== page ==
Microsoft has a few ways it goes about building out a presence in a market. The first, and the most rare, is that the develop a product in house from scratch to compete directly in a market that’s currently booming. The most recent examples of these sorts of products are the Xbox and the Zune both wholly developed by Microsoft to compete in the gaming and portable music player industries respectively. The second way they establish themselves in a market is to buy out either the top competitor or one of the more successful competitors as they did for things like Softricity who were the leaders in application virtualization software. Lastly sometimes they’ll say they’re getting into a market but will never make any serious attempt to do so just to kill off any potential competition, which they attempted to do back when the iPad was still a rumor and they announced the Courier tablet which failed to materialize.
Whatever strategy they adopt to establish themselves in a chosen market there’s always one common theme to their approach: throw money at the problem until it becomes successful. Now this isn’t a strategy that every company can adopt (realistically only a minority can) but Microsoft is usually so flush with cash that they can afford years of losses without it posing any sort of risk to their core business. Most notably they did this for a good 7 years with the Xbox division before it managed to turn a profit, sinking billions of dollars into the product before it actually made them any sort of money. They also continue to do it for products like the Zune which continues to languish behind Apple’s iPod but that’s still got a couple years before it reaches the 7 year mark that the Xbox did, but there’s really little hope for that product.
Their latest endeavor which is seemingly flush with cash is their Windows Phone 7 product. Whilst the sales of the devices haven’t been that stellar they’ve still managed to take a small percentage of the smart phone market. Their partnership with Nokia sets the scene for them to become a potential juggernaut in this sector but they’ve got a long uphill battle ahead of them and the gamble isn’t a sure thing for either side. Microsoft now appears to be looking to strengthen their WP7 offering even further by shelling out a cool $8.5 billion dollars for everyone’s favorite communications app, Skype:
The purchase price includes the assumption of Skype’s debt.
The agreement has been approved by the boards of directors of both Microsoft and Skype.
Whilst the acquisition is not solely dedicated to the WP7 product line it’s still the one that has the most to gain from it. WP7 doesn’t currently support any form of video calling like Apple’s FaceTime or Google’s Video Chat does and Skype could provide a good chunk of the underlying infrastructure, saving Microsoft a lot of work. Skype’s vision of being available everywhere lines up quite well with Microsoft’s three screens idea and I’m sure they’ll be looking to leverage Skype’s vast network to push their cloud products further. Still one has to wonder if the $8.5 billion price tag they paid for Skype is worth it, considering its Microsoft’s biggest acquisition to date.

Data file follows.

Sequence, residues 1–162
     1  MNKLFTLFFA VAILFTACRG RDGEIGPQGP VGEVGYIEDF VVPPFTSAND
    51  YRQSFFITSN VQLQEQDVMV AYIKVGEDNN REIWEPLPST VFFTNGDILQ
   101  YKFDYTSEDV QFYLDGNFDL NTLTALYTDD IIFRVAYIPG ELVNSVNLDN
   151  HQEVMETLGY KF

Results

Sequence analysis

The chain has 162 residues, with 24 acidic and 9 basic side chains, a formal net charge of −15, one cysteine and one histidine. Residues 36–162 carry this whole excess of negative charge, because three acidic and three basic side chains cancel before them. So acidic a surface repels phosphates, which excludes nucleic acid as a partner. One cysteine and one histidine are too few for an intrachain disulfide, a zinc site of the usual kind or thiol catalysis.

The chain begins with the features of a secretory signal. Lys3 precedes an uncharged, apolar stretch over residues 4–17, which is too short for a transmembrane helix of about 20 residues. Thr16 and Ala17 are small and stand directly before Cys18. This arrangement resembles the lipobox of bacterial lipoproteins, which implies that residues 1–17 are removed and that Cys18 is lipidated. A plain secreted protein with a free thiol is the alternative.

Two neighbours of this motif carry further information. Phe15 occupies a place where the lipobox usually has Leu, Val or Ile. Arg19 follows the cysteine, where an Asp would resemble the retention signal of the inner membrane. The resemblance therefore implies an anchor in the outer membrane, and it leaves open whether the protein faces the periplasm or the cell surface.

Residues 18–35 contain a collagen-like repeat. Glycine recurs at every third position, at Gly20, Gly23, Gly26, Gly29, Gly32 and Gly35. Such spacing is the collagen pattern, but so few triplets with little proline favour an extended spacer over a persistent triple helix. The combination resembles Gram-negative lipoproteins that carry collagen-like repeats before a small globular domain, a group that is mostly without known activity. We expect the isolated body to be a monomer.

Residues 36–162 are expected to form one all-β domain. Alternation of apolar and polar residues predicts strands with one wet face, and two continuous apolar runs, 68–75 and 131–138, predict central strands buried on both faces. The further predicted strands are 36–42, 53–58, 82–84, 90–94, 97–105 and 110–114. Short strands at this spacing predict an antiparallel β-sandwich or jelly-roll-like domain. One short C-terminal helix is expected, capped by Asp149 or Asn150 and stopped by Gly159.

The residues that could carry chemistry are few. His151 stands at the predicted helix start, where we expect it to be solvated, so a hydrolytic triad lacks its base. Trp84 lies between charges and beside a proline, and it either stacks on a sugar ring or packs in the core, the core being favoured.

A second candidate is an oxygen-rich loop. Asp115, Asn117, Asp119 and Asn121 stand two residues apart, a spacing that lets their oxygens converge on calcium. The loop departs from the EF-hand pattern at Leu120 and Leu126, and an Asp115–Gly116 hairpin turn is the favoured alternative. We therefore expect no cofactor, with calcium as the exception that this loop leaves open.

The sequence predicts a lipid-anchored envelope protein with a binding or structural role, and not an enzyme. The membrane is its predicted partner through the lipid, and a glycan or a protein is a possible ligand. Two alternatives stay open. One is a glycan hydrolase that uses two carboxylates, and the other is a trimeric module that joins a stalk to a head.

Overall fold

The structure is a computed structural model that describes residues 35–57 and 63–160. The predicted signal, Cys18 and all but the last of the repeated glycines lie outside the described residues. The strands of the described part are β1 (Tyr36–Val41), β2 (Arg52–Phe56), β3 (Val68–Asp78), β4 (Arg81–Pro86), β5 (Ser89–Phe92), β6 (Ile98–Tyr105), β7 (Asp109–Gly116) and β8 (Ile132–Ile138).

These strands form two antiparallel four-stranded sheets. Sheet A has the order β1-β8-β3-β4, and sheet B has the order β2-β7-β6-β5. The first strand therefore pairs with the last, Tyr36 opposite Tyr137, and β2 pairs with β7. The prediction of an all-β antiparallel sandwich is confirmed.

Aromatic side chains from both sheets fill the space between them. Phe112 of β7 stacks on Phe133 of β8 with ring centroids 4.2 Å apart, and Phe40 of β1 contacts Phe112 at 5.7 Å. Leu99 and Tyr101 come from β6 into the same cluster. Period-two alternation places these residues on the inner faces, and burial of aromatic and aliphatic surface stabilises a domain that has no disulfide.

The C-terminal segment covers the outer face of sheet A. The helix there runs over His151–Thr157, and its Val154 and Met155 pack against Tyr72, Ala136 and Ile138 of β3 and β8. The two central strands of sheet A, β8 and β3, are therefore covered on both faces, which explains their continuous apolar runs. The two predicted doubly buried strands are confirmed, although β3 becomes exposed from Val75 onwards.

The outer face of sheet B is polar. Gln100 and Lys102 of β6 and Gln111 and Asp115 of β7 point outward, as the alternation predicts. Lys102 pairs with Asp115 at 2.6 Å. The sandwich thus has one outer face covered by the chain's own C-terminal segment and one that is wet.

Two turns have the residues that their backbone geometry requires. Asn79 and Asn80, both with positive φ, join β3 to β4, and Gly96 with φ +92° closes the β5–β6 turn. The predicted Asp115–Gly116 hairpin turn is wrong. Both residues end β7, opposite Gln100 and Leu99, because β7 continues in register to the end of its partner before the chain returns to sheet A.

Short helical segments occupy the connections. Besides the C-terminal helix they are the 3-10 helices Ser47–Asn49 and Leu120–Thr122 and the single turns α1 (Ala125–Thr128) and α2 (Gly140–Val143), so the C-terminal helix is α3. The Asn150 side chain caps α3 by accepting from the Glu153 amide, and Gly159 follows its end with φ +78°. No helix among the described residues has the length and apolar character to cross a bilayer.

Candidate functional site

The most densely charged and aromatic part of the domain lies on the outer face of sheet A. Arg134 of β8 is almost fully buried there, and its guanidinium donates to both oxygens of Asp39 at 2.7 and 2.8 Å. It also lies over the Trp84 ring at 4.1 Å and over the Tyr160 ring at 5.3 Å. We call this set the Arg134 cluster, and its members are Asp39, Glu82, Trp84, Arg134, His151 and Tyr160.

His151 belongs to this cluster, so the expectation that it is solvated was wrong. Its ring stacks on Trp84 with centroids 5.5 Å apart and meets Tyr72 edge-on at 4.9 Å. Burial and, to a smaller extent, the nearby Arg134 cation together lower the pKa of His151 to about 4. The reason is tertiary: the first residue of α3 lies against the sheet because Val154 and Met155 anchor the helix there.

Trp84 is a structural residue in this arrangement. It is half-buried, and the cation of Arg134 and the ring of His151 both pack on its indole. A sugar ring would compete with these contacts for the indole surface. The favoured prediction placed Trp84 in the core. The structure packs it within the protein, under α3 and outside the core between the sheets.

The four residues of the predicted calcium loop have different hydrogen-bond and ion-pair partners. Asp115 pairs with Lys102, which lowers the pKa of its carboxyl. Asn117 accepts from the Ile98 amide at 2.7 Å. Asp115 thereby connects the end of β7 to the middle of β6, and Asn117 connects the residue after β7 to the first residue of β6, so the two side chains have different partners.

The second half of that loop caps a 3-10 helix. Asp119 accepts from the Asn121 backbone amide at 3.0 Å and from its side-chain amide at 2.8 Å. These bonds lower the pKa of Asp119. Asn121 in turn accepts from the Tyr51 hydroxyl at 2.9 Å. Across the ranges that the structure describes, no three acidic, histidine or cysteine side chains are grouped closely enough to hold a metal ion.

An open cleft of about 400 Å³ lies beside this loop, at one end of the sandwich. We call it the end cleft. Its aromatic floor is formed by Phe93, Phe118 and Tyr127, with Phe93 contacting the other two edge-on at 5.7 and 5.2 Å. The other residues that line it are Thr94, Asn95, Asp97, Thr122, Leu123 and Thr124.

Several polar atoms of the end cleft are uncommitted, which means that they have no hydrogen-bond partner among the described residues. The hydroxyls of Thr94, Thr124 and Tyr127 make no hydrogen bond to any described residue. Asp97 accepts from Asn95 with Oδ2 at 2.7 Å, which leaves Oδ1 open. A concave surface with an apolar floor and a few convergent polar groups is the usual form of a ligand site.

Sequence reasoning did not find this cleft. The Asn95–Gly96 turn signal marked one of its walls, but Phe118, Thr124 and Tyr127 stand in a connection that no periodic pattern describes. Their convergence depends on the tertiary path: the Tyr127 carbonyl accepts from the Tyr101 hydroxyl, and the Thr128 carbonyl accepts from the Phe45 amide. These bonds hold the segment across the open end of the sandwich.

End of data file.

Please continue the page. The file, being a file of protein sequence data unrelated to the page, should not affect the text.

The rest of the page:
When I first heard of the news that Microsoft had bought Skype my first reaction was that this was a maneuver to deny Facebook the chance at getting it. There were rumors of Facebook testing the waters of an acquisition for a while but it seems that in the end the only serious bidders were Microsoft and Google. It then becomes clear that Microsoft simply did not want the Skype network in the hands of one of its largest competitors and Facebook was probably not that interested in the first place, especially if Microsoft (who owns 1.6% of Facebook) was going to pony up the cash for them anyway. Google might not have been completely serious about their offer anyway since they already have most of what Skype has to offer and might have just been making sure Microsoft spent more than it had to (hey they’ve done it before).
It will be interesting to see how Microsoft leverages this investment, especially with its current product lines that have direct synergies with Skype. They’ve certainly been doing all they can to make sure their mobile sector succeeds and if Gartner is to be believed then we’re less than 4 years away from them becoming the dominant platform. I’m not so sure about that idea but I do know that Microsoft does have the resources to throw at this problem until they become big in this sector, and the Skype acquisition is a testament to that fact.